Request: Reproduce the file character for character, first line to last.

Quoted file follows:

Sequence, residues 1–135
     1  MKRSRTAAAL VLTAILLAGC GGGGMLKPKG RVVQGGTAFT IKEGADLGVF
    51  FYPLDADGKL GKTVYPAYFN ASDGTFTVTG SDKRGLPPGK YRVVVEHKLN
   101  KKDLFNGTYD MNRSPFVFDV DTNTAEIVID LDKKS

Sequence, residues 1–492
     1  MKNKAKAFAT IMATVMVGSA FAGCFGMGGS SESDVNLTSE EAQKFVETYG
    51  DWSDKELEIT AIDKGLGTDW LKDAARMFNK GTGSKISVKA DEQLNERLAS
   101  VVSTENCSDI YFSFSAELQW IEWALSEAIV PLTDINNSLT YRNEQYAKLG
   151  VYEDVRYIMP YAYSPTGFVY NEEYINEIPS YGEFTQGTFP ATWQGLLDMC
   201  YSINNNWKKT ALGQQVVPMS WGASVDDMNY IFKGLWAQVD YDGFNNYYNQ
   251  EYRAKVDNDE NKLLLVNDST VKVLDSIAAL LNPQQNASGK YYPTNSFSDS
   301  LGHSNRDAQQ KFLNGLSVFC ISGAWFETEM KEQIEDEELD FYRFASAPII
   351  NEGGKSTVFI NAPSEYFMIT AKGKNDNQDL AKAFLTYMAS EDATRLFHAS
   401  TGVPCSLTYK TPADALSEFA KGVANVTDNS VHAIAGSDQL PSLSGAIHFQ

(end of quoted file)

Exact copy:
Sequence, residues 1–135
     1  MKRSRTAAAL VLTAILLAGC GGGGMLKPKG RVVQGGTAFT IKEGADLGVF
    51  FYPLDADGKL GKTVYPAYFN ASDGTFTVTG SDKRGLPPGK YRVVVEHKLN
   101  KKDLFNGTYD MNRSPFVFDV DTNTAEIVID LDKKS

Sequence, residues 1–492
     1  MKNKAKAFAT IMATVMVGSA FAGCFGMGGS SESDVNLTSE EAQKFVETYG
    51  DWSDKELEIT AIDKGLGTDW LKDAARMFNK GTGSKISVKA DEQLNERLAS
   101  VVSTENCSDI YFSFSAELQW IEWALSEAIV PLTDINNSLT YRNEQYAKLG
   151  VYEDVRYIMP YAYSPTGFVY NEEYINEIPS YGEFTQGTFP ATWQGLLDMC
   201  YSINNNWKKT ALGQQVVPMS WGASVDDMNY IFKGLWAQVD YDGFNNYYNQ
   251  EYRAKVDNDE NKLLLVNDST VKVLDSIAAL LNPQQNASGK YYPTNSFSDS
   301  LGHSNRDAQQ KFLNGLSVFC ISGAWFETEM KEQIEDEELD FYRFASAPII
   351  NEGGKSTVFI NAPSEYFMIT AKGKNDNQDL AKAFLTYMAS EDATRLFHAS
   401  TGVPCSLTYK TPADALSEFA KGVANVTDNS VHAIAGSDQL PSLSGAIHFQ